After an inquiry that started at the beginning of July, Wikipedia has banned 381 editors who were getting paid to post and maintain promotional content to the online encyclopedia.
Wikipedia announced the “Orangemoody” investigation, named for the first paid editor it discovered, Tuesday. The site’s CheckUser group found evidence of the “sock puppet” editors – people who appear unaffiliated with a group they are actually paid to promote – acting between April and August, though they suspect that the initiative started even longer ago.
The play worked like this: Sock puppet accounts would seek out editors whose proposed changes had been declined by Wikipedia and offer to make the edits for them for a price. The Wikipedia admin board noted, “The use of declined drafts (and in some cases deleted articles) to identify and approach potential clients is a new wrinkle in the way paid editing is being conducted.”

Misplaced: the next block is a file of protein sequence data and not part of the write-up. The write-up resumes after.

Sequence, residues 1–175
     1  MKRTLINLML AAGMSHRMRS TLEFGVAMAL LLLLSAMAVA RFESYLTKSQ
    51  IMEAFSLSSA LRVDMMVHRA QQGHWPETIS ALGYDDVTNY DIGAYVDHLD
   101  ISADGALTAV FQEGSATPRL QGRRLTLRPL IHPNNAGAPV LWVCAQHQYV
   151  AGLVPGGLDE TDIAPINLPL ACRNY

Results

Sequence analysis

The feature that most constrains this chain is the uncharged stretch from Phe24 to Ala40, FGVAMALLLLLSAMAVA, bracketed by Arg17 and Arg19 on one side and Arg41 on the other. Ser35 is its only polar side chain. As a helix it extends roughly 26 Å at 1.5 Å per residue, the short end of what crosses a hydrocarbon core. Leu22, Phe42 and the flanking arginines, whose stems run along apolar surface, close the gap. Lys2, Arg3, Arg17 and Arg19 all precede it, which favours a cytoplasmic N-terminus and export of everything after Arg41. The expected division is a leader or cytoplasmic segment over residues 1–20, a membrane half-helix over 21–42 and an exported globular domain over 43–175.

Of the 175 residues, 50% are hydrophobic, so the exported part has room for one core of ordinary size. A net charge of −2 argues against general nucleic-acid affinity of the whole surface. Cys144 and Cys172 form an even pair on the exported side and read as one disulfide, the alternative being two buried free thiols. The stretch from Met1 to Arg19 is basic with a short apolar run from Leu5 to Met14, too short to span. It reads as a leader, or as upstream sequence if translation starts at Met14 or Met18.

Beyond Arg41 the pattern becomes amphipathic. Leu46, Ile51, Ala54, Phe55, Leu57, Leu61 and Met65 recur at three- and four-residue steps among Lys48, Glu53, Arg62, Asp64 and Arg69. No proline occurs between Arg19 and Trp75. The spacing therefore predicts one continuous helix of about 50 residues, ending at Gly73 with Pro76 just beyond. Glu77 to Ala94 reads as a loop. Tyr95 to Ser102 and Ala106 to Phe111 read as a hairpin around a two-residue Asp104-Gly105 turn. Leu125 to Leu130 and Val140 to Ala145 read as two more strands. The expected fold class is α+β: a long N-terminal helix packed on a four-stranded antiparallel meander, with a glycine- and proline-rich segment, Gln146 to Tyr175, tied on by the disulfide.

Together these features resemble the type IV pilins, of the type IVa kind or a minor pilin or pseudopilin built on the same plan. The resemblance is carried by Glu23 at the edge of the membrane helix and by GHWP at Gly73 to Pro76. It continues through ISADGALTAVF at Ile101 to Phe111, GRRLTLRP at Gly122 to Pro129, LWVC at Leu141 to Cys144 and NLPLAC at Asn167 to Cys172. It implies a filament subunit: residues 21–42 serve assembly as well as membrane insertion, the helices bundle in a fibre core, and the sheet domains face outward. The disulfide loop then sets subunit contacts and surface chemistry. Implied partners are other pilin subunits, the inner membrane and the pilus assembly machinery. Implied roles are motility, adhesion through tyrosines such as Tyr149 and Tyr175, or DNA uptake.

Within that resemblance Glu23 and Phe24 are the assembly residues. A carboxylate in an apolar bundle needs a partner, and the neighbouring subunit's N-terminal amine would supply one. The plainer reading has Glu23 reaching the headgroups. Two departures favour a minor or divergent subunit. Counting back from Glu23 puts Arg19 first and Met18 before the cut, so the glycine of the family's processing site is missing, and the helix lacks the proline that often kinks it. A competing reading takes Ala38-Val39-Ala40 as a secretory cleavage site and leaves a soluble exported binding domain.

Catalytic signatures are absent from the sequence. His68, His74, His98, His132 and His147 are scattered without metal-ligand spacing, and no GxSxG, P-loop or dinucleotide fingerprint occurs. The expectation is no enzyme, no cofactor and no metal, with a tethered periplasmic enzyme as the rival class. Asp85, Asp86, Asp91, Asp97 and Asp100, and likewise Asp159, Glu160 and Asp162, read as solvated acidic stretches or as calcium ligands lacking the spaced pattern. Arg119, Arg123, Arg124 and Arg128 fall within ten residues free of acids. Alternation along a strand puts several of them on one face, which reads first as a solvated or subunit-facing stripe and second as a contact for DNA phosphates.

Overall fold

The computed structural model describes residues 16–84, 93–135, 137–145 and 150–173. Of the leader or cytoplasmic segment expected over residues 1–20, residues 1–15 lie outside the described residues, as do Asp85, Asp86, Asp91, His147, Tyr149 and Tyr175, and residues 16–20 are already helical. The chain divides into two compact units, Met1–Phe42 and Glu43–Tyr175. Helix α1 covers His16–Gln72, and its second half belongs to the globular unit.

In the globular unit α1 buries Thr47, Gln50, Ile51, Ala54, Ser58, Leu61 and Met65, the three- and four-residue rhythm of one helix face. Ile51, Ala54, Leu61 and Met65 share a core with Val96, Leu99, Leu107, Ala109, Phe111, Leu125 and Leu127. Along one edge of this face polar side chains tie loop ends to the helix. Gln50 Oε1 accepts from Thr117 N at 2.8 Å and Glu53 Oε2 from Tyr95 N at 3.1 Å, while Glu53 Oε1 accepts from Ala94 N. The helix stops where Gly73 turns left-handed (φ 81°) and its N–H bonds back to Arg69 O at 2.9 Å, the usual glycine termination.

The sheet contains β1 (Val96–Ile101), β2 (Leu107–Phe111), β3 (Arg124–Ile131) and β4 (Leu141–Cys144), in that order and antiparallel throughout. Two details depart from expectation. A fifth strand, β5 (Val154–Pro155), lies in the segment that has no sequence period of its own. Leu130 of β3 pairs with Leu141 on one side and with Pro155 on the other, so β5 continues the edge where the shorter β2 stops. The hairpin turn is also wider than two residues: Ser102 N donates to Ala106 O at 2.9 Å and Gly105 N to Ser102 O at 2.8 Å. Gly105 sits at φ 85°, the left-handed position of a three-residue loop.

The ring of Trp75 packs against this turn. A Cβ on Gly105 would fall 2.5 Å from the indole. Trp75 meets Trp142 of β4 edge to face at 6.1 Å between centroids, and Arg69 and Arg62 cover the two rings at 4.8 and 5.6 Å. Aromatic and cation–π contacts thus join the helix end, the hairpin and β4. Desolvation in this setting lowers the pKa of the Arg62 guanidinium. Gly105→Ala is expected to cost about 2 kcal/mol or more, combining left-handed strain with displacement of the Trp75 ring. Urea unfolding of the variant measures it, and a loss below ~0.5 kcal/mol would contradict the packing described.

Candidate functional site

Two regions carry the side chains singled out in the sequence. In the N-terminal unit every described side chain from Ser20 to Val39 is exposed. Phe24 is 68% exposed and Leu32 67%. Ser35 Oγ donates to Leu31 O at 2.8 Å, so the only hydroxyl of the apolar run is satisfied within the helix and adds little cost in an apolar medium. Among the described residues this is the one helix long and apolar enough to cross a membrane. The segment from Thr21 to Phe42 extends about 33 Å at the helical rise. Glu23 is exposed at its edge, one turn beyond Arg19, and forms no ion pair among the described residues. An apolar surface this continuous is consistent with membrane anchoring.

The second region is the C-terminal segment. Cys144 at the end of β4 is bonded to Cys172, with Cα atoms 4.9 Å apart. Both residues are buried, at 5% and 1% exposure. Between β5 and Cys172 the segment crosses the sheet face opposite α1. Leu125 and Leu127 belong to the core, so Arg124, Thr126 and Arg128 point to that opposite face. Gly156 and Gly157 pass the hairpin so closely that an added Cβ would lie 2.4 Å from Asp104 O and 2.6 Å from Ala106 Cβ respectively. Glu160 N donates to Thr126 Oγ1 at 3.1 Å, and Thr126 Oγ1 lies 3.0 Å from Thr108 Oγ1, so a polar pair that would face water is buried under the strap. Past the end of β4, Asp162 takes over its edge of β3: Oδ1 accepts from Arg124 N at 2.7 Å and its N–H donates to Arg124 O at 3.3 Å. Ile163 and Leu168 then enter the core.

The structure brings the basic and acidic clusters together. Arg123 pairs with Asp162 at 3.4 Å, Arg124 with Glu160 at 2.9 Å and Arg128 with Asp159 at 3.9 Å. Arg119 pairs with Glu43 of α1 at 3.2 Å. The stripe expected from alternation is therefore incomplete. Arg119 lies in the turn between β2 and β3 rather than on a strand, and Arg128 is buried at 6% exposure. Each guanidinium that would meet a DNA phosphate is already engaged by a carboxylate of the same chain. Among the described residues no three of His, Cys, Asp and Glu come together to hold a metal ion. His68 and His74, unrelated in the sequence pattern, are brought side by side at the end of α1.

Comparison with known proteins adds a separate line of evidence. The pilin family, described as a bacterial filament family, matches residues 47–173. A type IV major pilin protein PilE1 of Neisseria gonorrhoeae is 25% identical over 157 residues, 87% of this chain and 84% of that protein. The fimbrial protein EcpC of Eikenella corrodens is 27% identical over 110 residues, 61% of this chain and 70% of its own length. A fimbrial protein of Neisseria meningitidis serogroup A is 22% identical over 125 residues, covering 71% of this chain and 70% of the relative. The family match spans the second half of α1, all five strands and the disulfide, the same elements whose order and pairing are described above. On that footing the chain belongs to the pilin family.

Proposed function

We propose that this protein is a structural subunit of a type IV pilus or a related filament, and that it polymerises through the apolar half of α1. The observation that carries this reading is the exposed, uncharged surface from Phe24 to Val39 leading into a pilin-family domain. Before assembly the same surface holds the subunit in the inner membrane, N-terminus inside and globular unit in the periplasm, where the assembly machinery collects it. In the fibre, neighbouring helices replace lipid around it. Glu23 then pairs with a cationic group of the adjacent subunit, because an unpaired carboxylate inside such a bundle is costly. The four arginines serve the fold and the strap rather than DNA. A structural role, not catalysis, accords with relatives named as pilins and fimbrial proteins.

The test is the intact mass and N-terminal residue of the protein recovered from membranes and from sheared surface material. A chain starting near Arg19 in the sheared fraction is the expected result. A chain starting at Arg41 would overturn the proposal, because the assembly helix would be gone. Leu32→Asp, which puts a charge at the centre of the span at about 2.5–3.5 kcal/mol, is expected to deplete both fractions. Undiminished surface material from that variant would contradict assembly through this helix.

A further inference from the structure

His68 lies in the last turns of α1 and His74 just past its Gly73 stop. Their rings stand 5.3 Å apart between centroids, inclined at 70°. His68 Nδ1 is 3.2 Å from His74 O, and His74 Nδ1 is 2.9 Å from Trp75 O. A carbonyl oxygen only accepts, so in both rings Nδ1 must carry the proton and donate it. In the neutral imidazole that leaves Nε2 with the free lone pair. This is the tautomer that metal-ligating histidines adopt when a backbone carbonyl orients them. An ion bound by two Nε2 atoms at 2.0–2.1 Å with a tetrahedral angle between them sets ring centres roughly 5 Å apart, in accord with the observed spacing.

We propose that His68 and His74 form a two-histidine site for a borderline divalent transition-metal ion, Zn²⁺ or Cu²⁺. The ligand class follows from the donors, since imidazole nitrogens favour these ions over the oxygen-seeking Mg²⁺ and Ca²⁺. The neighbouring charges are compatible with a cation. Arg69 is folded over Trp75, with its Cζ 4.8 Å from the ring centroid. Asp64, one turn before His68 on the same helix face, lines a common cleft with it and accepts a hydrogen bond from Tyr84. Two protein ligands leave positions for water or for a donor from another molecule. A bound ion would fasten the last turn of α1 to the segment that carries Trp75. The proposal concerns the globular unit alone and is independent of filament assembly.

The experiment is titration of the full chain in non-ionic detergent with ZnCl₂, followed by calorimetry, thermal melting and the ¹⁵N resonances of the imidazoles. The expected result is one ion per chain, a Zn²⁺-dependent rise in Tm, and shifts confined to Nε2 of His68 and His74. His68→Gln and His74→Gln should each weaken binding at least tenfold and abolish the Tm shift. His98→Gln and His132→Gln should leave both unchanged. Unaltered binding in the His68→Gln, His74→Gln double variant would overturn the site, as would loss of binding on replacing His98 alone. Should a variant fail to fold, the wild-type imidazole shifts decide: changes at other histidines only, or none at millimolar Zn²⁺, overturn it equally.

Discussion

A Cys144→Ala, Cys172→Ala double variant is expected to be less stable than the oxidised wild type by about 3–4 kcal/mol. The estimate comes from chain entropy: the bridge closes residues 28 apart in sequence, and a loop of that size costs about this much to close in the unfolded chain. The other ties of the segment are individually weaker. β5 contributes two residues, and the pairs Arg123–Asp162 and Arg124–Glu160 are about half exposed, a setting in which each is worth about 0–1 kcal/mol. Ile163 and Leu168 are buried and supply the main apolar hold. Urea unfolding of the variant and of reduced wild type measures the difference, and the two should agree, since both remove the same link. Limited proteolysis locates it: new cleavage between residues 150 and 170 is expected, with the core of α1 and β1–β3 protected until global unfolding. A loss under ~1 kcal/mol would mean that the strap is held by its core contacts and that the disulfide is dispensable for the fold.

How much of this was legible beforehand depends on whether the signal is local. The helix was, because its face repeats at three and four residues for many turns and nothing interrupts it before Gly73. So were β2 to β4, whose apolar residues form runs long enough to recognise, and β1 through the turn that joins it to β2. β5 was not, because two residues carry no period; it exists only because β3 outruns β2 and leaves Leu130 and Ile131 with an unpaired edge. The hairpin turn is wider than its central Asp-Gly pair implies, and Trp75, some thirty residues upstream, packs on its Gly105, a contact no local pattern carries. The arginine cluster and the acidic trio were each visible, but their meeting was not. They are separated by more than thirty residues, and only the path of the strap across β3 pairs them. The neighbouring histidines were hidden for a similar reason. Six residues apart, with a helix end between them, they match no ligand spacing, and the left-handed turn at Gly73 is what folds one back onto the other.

The socks would make their accounts look legitimate, using a number of tactics including getting small changes approved to achieve “autoconfirmed” status. Once they identified amenable targets and got paid to make an edit, they would ask for more money every month to maintain and defend it.It seems like a scam that would barely be worth the effort (Wikipedia was able to confirm that in at least one case, socks asked for 30 dollars per month to maintain their edits), but they are clearly getting enough out of it to keep going. The Wikimedia Foundation has worked steadily to discourage paid editing, but there are always new approaches popping up.